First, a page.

The studies that compared HS data and LE data for violent injuries similarly identified important differences between the data captured by each source. Through a firearm injury database that combined ED, LE, Medical Examiner (ME) and emergency call system data in Atlanta, Georgia, researchers identified that all fatal gunshot injuries were known to LE. LE records, however, underestimated the rate of non-fatal gunshot injuries when compared with HS records.15 The demographic characteristics of those injured by violence also changed the likelihood of capture in HS or LE records. In one study, assaults in men were more likely to be exclusively recorded in HS records whereas assaults in women were more likely to be exclusively recorded in LE records.16
Linking HS-LE data
Researchers compensated for the relative ‘blind spots’ in HS and LE injury data by developing linked databases. In general, these linked databases offered more robust estimates of injury rates when compared with either HS or LE data alone. However, inconsistencies in the quality or availability of either HS or LE records were shown to limit the accuracy and reliability of linked data.9 17–19
In the earliest published linkage evaluation, Rosman and Knuiman reported that 64% of Australian road traffic injury records could be linked using HS-LE data.14 The ability to link data was significantly lower for injuries of lesser severity and for motorcycle crash injuries (compared with four-wheel MVC injuries).20 The type of HS has also been associated with the ability to link injury data. In one study, private hospitals had the lowest percentage of HS-LE record overlap (31%), followed by county hospitals (57%) and public metropolitan hospitals (62%). The highest percentage of linked records was found when comparing LE and teaching hospitals, where the most severe injuries were treated (72%).20 Another study found that HS records were less likely to be linked to LE reports when only one vehicle was involved, hospital length of stay was shorter or when passengers were younger than 20 years of age.18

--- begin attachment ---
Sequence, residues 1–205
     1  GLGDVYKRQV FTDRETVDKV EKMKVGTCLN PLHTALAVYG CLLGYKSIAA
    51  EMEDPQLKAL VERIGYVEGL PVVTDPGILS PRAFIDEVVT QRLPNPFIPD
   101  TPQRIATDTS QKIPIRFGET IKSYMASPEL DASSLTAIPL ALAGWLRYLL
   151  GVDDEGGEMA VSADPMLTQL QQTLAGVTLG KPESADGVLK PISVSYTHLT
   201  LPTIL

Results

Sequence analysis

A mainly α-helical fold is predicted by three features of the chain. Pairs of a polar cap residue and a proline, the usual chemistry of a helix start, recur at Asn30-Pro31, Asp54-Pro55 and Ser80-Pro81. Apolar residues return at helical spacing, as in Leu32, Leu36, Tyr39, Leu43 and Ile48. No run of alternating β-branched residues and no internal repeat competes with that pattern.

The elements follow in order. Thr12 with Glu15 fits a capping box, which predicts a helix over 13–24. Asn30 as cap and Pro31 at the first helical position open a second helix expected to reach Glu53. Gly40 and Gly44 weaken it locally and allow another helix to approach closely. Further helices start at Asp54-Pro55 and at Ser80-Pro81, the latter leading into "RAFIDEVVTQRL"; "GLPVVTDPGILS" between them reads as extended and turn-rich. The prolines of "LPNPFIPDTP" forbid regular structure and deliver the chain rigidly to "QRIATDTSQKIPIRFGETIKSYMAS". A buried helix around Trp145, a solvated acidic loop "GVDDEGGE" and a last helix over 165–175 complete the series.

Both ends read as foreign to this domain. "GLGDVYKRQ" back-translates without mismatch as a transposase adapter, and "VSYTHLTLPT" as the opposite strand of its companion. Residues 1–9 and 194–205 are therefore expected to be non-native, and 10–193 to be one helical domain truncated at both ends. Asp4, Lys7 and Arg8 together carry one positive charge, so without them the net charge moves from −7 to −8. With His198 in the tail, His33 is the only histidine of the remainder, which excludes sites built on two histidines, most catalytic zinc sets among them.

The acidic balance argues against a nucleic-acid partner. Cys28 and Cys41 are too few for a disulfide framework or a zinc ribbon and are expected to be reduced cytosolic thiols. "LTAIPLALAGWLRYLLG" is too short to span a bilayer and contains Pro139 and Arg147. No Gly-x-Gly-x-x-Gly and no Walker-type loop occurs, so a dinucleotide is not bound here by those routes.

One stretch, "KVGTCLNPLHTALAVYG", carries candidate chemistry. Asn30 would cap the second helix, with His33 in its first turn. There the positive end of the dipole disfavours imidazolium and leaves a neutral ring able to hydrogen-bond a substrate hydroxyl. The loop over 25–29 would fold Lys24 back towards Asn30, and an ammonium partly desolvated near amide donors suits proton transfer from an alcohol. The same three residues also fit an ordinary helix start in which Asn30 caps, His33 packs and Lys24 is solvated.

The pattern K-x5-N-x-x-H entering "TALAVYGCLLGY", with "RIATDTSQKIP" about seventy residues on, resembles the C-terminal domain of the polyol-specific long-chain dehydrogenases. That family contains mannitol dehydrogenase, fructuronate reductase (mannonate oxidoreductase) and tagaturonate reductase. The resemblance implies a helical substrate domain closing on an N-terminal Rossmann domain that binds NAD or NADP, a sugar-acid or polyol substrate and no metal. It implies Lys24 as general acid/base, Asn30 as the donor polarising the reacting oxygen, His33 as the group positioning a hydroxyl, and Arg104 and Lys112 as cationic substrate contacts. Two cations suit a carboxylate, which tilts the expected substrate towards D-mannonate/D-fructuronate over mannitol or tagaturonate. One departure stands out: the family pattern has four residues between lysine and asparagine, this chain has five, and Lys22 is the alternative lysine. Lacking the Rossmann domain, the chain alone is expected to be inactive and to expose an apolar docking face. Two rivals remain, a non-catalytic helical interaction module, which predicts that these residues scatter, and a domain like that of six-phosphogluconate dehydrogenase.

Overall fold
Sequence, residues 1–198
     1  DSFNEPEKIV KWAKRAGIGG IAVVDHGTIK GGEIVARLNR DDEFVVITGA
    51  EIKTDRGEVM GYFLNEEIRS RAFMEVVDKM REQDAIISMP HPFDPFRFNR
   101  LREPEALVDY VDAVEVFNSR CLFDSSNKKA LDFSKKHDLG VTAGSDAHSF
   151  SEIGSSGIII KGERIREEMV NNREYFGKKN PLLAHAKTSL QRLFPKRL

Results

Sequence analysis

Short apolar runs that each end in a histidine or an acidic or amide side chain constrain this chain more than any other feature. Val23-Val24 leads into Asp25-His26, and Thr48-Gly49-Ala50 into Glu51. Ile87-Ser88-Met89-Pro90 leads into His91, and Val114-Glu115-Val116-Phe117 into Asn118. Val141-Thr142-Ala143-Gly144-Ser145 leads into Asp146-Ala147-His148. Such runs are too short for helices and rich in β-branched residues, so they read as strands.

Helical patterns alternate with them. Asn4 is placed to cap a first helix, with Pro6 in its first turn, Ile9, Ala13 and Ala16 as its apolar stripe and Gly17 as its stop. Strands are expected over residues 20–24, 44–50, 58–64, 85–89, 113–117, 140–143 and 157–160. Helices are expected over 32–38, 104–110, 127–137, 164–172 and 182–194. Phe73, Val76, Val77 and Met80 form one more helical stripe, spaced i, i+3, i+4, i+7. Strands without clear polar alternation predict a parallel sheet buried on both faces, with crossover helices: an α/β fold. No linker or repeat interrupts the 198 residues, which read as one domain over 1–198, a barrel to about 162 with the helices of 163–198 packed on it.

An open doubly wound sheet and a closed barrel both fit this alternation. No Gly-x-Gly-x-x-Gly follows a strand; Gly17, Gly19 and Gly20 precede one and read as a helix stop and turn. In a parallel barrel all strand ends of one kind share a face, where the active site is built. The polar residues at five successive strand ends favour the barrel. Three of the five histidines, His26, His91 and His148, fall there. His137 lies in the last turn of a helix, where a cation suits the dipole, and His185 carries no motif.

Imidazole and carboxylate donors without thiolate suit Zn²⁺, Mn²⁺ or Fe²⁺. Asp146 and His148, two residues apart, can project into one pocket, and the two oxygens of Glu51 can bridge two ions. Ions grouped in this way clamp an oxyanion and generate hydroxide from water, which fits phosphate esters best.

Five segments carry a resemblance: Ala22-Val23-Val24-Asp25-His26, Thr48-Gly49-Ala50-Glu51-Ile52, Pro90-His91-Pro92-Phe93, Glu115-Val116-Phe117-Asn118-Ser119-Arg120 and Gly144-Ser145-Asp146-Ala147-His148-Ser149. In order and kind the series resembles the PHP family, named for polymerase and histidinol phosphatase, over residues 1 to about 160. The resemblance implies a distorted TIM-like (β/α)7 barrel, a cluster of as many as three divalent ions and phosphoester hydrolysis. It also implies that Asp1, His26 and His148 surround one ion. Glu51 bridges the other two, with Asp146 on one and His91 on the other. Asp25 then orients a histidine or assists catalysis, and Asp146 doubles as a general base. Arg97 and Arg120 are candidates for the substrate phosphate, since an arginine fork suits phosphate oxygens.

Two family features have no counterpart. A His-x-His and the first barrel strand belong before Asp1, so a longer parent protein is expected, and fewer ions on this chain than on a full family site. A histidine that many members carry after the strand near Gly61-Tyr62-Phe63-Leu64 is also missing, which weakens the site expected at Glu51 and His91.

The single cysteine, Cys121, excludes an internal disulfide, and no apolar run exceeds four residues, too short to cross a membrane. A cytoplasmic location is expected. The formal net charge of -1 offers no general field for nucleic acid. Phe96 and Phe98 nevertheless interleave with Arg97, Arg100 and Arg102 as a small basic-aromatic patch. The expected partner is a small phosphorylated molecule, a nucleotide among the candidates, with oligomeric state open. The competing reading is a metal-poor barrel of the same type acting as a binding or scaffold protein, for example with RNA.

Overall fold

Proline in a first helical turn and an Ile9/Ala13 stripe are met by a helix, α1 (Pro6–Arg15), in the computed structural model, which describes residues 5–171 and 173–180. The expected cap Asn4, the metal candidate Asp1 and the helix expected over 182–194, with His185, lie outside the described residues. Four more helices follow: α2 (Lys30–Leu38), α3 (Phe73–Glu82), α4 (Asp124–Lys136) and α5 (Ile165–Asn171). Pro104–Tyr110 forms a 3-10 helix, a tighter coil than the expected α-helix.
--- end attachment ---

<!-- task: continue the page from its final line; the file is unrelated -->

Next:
Methodological approaches for improving the yield of linked HS-LE data were also identified in studies in this review. Specifically, capture-recapture methods are described as a way to improve HS-LE injury surveillance. Capture-recapture is a method in which two independent samples (HS and LE) of injured individuals are used to estimate the true burden of injury across a specific geography. All studies that used this method noted its limitations when the completeness and independence of HS and LE records were unknown.11 13 21 22 Other methodological evaluations addressed the relative sensitivity and specificity14 and influence of sample selection bias on the predictive value of HS and LE data for estimating of injury rates.23
Identifying injury risk factors
Two publications included in this review described how well HS and LE data identified select risk factors for injuries. Orsay et al found that despite being able to link over 70% of hospital admission records to LE records at a major trauma centre in Chicago, Illinois, LE had identified only 31.2% of injured motorists with blood alcohol concentrations above the legal limit and 15% of injured motorists with a positive drug screen.24 In New South Wales, Australia, using linked HS and LE records, Brown and Bilson identified the increased risk of severe injuries to rear seat passengers when compared with front seat drivers and passengers.25
HS-LE in injury control and prevention partnerships